However, Section 1202 creates special benefits for investors that allow them to avoid paying taxes on any stock sales after September 27, 2010. The amount excluded is limited to the greater of $10 million or 10x QBI, and the investor must hold the stock for more than five years. Moreover, some types of companies are excluded such as hotels, financial companies, architecture companies, and engineering companies.

C-corps benefit not only from a newly lowered 21% corporate tax rate under the TCJA, but can also avoid double taxation, as the new investor will not have to pay taxes in some cases. The current setup is very favorable for C-corporations, although there is a chance that corporate income taxes could increase in subsequent years. Biden has proposed raising the corporate income tax rate to 28%.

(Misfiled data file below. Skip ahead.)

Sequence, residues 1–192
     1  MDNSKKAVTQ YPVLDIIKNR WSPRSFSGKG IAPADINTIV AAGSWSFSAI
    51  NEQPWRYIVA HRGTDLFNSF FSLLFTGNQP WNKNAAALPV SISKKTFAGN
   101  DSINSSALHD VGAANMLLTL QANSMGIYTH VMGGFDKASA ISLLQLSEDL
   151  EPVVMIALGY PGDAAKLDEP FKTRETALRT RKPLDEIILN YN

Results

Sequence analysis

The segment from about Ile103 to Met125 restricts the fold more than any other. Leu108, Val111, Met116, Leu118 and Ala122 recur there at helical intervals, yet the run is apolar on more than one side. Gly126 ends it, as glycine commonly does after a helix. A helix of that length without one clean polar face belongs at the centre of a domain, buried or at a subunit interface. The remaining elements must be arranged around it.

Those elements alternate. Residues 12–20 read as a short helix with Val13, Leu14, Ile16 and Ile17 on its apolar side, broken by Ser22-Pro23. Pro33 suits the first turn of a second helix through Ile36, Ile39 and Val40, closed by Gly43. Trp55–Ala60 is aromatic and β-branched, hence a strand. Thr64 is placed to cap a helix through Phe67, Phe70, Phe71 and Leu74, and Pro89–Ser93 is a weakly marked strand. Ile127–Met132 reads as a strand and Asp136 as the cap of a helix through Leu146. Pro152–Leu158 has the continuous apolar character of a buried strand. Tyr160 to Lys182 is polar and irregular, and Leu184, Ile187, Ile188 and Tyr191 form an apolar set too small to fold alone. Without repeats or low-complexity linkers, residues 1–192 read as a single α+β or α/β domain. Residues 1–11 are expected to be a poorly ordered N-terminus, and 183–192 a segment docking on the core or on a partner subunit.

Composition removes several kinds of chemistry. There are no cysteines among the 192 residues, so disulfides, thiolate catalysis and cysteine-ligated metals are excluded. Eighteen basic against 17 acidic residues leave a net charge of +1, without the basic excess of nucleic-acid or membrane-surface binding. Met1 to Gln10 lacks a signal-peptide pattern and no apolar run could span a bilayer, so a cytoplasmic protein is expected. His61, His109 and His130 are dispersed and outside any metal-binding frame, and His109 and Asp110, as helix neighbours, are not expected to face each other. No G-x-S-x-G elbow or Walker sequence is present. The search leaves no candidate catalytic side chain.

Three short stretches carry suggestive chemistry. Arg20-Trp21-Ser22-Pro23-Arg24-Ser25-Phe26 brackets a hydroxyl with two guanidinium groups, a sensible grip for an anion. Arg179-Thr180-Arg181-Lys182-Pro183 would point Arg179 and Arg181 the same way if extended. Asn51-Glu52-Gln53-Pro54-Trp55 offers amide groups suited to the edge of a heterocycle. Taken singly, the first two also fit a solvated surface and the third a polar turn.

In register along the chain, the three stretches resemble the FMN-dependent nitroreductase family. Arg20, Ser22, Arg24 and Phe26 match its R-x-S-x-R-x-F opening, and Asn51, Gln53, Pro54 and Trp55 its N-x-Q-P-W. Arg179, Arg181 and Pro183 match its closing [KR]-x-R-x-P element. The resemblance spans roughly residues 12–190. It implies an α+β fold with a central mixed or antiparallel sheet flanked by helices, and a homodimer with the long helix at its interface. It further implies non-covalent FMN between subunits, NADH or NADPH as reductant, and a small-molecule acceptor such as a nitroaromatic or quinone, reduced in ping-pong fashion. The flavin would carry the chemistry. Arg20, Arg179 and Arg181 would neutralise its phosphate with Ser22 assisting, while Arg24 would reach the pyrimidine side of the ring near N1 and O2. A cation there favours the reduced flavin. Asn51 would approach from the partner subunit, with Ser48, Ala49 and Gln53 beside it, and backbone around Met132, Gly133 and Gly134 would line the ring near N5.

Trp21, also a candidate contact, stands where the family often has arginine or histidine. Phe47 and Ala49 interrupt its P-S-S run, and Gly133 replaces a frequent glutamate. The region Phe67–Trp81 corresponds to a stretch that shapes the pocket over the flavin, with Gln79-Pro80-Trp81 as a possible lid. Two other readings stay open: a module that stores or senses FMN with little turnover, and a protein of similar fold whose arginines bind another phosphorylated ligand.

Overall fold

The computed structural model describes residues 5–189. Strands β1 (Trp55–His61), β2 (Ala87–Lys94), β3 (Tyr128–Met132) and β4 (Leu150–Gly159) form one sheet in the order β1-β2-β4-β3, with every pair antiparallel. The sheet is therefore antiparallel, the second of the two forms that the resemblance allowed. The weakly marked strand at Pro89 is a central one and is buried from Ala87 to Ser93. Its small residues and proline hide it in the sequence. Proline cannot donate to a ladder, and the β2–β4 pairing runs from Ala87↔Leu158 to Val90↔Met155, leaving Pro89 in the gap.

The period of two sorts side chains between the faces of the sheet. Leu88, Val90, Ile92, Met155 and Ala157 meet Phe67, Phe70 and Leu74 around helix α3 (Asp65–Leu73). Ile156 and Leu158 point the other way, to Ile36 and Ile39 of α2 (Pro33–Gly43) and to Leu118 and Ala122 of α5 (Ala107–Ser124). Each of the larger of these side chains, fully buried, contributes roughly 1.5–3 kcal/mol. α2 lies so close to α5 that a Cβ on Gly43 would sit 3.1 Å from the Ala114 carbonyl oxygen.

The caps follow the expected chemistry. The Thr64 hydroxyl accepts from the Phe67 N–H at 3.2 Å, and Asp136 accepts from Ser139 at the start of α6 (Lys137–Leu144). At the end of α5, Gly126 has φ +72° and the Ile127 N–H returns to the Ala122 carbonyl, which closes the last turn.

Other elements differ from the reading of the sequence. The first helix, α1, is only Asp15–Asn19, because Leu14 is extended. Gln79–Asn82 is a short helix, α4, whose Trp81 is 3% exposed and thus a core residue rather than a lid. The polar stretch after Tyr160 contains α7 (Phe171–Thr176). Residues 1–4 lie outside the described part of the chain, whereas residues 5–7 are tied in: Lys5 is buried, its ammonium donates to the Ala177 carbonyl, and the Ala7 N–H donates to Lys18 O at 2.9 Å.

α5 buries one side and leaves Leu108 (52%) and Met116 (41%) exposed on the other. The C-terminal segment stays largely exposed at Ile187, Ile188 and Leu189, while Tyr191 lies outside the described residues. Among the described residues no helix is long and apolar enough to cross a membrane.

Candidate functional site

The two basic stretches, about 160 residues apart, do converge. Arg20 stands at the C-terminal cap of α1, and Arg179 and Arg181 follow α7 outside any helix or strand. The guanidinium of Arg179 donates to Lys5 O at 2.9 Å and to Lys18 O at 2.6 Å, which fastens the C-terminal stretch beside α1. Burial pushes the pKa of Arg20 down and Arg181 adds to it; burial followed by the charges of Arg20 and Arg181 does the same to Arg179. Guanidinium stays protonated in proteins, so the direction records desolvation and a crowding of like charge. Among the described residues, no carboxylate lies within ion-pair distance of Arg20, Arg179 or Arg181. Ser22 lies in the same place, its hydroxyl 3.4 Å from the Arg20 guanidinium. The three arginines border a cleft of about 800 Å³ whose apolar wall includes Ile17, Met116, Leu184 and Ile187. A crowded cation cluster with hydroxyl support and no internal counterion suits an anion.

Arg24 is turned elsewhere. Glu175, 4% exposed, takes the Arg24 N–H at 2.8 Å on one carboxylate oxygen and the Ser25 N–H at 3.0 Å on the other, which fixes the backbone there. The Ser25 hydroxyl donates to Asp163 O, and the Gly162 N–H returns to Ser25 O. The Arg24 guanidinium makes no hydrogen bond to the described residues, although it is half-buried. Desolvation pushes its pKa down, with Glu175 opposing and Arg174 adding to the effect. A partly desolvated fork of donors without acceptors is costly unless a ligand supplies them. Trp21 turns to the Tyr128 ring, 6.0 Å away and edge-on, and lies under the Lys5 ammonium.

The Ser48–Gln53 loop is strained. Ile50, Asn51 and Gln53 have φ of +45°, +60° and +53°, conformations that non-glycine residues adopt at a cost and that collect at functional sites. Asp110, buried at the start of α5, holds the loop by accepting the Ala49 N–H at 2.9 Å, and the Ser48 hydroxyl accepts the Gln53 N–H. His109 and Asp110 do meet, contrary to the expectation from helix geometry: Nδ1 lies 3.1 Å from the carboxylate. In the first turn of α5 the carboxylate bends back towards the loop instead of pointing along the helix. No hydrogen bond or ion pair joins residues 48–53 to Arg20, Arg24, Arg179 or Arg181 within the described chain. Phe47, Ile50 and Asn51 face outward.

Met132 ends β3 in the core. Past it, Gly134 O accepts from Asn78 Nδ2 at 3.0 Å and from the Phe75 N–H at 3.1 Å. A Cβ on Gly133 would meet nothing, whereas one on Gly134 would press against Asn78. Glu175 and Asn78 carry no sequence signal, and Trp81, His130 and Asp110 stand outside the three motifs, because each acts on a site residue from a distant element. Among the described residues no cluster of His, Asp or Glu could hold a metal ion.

Long-Term vs. Short-Term Capital Gains

Pass-through entities, including LLCs and S-corporations, enjoy preferential treatment on all assets they hold for 12 months or longer before selling. Therefore, it can make sense for these individuals to try to hold investments longer than 12 months to avoid short-term capital gains taxes. On the other hand, C- Corporations are taxed at the corporate level and do not receive these special benefits.

Moreover, C-corporations do not receive preferential treatment when recognizing capital losses, as these can’t be used to offset ordinary income. Capital losses can only be used to offset other capital gains, so it may make sense for C-corps to delay recognized losses if they do not have other gains that year. Below is an example of the taxes a C-corporation would pay on investments ( ie. real estate or equities).